Date of Completion

Spring 5-4-2015

Thesis Advisor(s)

Richard Sosis

Honors Major



African American Studies | Educational Sociology | Education Economics | Ethnic Studies | Family, Life Course, and Society | Other Anthropology | Social and Cultural Anthropology | Social Statistics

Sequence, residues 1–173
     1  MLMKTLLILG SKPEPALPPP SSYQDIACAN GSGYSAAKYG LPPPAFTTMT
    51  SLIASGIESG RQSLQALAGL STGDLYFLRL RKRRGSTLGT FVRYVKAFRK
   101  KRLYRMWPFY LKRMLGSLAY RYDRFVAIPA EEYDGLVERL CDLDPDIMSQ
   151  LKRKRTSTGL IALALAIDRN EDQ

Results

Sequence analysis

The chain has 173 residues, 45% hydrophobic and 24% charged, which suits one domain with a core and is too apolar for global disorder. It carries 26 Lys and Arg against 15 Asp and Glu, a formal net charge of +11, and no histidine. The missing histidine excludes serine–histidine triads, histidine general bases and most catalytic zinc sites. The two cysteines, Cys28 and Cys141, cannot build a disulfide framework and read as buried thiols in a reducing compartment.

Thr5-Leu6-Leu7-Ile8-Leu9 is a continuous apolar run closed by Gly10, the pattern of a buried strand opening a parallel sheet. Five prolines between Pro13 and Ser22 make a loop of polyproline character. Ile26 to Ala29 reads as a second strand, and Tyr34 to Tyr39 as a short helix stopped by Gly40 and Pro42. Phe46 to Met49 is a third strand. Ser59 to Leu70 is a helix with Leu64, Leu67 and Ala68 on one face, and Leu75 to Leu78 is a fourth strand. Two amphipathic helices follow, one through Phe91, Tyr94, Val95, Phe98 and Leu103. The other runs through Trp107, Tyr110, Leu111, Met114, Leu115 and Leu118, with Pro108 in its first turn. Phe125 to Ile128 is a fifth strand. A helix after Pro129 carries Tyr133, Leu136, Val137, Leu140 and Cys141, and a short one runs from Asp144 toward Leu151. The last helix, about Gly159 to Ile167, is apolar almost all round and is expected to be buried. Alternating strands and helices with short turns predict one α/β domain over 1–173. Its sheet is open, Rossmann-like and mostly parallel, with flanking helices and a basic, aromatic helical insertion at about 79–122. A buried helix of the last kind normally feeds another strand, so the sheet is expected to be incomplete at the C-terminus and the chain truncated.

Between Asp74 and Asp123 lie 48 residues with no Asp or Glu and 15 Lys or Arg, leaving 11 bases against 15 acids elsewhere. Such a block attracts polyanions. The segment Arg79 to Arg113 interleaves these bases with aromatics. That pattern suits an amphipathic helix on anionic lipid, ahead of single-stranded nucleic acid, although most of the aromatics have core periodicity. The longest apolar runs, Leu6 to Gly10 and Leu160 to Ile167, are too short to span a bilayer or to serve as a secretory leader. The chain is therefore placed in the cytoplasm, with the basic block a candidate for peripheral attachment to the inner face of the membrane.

The United States currently holds one of the highest teenage pregnancy rates in the developed world, but many Americans, including policy makers, view adolescent childbearing as a societal problem that stems from negligence, promiscuity, and poor decision making. This project seeks to frame the institution of school-age motherhood through the lens of Life History Theory, which posits that early reproduction is an adaptation in the face of harsh conditions and high extrinsic mortality rates. This assertion is supported by evidence that adolescent childbearing has been the norm for most of human history, and continues to be practiced in natural fertility populations even today. Special focus is given to urban communities of color in the United States, where early reproduction can hold advantages for both mother and child, especially when their decision is supported by the larger community. Historically, however, policies to curb teenage childbearing have failed to take into account the socioeconomic context of early reproduction. A number of programs seeking to lower adolescent pregnancy rates and their success are discussed with relation to whether or not the programs address factors that make childbearing an adaptive decision for some teens.